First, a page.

Between 1889 and the early decades of the 20th century, Charroppin traveled across the country on the trail of celestial phenomena like the 1889 eclipse. He would be hailed as “St. Louis’ offering to the world of science” by the Las Vegas Optic.

During his career, he corresponded with some of the leading astronomers of his day including researchers at Harvard University, the University of Chicago, the University of California at Berkeley and the Vatican Observatory. Charroppin’s friends included Max Wolf, the German professor who observed the return of Halley’s Comet to the solar system in 1910, and Percival Lowell, who founded the Lowell Observatory in Flagstaff and who began the investigation that ultimately led to the discovery of the dwarf planet, Pluto. Newspapers including the Optic, St. Louis Post-Dispatch and Coconino Sun in Flagstaff, reported on his visits, views on the possibility of life on Mars and his pick for discoverer of the North Pole.

“As a scientist, his diligent and untiring efforts, his characteristic precision of investigation, and the painstaking study which he devoted to his work, earned for him the success and praise which his unusual ability deserved,” Lester O’Keefe (Arts 1917) wrote in Charroppin’s obituary in the Fleur dis Lis.

Charles Charropin, S.J. and telescope
During his lifetime, Charroppin corresponded with many of the leading astronomers of this day and was frequently cited for his astrophotography and scientific work. 

The 1889 eclipse was not the only time Charroppin turned his lens skyward. In 1900, he was invited to take part in a government survey of an eclipse in Washington, Georgia. During that eclipse, Charroppin ultimately layered a series of 18 negatives to achieve a photo of the sun and its corona, according to an article by Nancy Merz published in the Fall 1987 edition of The Jesuit Bulletin.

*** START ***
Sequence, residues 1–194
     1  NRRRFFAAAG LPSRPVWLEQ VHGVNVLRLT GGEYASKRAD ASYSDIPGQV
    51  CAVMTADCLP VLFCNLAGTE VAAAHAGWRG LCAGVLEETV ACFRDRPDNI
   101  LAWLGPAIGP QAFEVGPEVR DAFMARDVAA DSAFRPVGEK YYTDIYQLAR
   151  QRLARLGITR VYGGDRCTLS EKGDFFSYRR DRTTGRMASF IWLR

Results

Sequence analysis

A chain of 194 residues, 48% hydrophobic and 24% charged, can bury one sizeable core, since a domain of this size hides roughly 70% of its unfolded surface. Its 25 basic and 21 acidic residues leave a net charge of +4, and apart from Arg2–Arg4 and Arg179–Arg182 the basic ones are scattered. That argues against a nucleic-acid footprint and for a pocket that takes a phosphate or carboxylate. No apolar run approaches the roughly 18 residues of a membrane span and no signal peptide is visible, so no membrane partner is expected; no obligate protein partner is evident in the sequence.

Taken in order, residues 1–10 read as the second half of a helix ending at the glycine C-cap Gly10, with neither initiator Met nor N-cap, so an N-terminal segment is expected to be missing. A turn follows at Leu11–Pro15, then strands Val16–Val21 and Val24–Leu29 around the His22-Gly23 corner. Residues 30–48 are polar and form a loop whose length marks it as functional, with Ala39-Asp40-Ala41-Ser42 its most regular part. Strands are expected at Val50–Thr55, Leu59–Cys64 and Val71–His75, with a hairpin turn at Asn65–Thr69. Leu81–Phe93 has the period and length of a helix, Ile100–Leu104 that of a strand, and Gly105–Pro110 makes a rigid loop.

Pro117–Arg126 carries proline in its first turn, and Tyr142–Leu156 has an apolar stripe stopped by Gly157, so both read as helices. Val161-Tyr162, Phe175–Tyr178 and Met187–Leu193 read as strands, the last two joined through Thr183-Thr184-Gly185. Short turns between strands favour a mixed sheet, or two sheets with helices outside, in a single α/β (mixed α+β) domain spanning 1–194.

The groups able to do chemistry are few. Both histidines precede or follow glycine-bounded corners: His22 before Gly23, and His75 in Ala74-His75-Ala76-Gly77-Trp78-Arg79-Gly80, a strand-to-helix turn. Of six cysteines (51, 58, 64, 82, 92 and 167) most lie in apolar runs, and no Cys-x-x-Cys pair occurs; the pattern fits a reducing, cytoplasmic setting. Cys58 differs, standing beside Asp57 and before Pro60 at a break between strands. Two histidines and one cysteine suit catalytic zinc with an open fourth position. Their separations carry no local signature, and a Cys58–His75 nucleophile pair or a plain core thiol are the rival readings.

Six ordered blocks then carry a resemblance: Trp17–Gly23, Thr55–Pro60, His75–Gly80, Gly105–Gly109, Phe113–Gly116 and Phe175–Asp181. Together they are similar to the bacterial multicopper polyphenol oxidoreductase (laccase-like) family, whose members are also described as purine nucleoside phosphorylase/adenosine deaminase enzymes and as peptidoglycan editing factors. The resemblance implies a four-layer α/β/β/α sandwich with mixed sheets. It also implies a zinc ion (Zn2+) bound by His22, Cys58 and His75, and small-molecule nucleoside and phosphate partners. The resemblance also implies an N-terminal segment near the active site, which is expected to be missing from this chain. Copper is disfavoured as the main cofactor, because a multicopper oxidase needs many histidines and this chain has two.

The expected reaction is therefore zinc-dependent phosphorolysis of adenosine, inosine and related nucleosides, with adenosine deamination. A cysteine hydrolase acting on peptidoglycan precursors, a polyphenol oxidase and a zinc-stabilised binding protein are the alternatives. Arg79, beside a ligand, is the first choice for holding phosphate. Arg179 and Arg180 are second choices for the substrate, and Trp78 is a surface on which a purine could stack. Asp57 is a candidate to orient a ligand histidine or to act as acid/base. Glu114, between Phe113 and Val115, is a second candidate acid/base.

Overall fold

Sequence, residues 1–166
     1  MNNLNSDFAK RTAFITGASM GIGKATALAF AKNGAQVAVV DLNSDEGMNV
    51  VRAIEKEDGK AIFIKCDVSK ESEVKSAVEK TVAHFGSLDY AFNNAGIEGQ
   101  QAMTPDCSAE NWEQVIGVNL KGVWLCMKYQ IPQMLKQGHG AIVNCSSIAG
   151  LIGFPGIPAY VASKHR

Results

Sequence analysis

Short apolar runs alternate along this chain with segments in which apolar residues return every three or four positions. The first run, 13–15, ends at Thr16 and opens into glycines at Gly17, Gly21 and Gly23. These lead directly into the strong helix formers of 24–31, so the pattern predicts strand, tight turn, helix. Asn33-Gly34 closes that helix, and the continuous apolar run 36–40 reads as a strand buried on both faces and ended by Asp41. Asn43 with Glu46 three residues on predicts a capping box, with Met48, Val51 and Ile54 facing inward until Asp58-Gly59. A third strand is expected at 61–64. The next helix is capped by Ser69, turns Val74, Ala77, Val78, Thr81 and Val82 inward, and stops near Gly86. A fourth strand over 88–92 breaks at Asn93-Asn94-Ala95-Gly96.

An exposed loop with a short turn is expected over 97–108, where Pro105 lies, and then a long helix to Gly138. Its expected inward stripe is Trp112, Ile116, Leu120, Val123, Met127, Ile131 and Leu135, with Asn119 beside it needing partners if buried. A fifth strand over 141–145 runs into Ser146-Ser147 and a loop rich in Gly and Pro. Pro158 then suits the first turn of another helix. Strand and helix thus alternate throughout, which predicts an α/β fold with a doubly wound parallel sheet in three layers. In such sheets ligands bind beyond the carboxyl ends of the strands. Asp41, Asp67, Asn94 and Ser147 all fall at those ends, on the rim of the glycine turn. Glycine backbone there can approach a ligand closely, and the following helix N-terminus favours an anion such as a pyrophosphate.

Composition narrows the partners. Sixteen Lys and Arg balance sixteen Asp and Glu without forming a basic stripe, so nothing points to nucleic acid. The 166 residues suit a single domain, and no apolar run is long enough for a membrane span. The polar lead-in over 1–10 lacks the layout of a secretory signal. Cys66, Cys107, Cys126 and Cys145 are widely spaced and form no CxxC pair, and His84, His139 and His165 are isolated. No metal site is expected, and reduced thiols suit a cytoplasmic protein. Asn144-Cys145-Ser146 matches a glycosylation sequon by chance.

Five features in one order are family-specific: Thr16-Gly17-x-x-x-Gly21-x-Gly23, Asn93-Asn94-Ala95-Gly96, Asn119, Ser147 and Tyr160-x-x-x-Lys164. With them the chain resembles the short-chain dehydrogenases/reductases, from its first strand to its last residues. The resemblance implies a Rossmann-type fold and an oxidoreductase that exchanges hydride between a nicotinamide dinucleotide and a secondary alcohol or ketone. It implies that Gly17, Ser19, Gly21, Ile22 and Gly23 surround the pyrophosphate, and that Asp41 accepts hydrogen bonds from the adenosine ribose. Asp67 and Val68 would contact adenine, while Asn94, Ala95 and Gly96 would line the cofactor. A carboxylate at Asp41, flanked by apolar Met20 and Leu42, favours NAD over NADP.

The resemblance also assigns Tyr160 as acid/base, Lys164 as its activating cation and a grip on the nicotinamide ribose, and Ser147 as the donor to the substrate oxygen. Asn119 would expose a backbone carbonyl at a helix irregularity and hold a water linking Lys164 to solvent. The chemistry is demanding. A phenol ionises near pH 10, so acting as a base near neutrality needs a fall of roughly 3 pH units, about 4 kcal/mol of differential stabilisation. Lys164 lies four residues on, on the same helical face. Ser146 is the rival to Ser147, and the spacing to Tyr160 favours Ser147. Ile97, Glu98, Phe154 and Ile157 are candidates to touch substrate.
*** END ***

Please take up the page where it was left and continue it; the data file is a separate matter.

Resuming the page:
During the Georgia eclipse, he also captured two images of the event on the same photographic plate – a novel innovation at the time. A June 27, 1908 article from the St. Louis Post-Dispatch reported that the priest would record a partial eclipse and would have “his telescope trained upon the spot where the contact beings, to report the exact second of its occurrence.” Charroppin was frequently part of “eclipse parties” of scientists who studied the events.

Lunar phenomena seem to have particularly fascinated the astronomer priest and he noted in the 1909 Optic interview that he and other astronomers, “are constantly studying the face of the moon for in it can be read the future of planets.”

A "Renaissance" Jesuit

In addition to his scientific work, Charroppin was also known for his sense of humor and keen love of chess. He was an accomplished artist, compiling sketchbooks during his Belize trips that combined humans and animals to form fantastic creatures like those found in medieval bestiaries. Charroppin was known to love cigars and for wearing an unfashionable bushy beard, even defending his facial hair in a debate alongside a Montana senator, according to Merz. In addition to his photographs, he devised over 200 chess problems that were collected in a book housed in SLU’s rare book room.

“He was a Jesuit Renaissance man,” Drew Kupsky, librarian and associate professor at SLU’s Pius XII Memorial Library, said.

To learn more about Charles M. Charroppin, S.J. and his pioneering work, visit his collection at the Jesuit Archives Central United States.

Saint Louis University is a world-class Catholic, Jesuit institution educating nearly 13,000 students on two dynamic, urban campuses - in St. Louis, Missouri, and Madrid, Spain. Founded in 1818, the University will soon celebrate its bicentennial.

 With a legacy of innovative academics and research, compassionate health care and faithful service, Saint Louis University attracts a diverse community of scholars who push intellectual boundaries in pursuit of creative, meaningful ways to impact the world, striving to serve a higher purpose and seek a greater good.

Photos courtesy of the Pius XII Memorial Library, Saint Louis University, and the Jesuit Archives Central United StatesStory by Amelia Flood, University Marketing and Communications. This story includes references to work by Nancy Merz and William Faherty, S.J., and mentions of historic news coverage from the St. Louis Post-Dispatch, the Las Vegas Optic, the January 1889 (Vol. 8) edition of the Sidereal Messenger, and SLU publications such as the Fleur dis Lis.  Some source materials were compiled by  William and Doris Martin.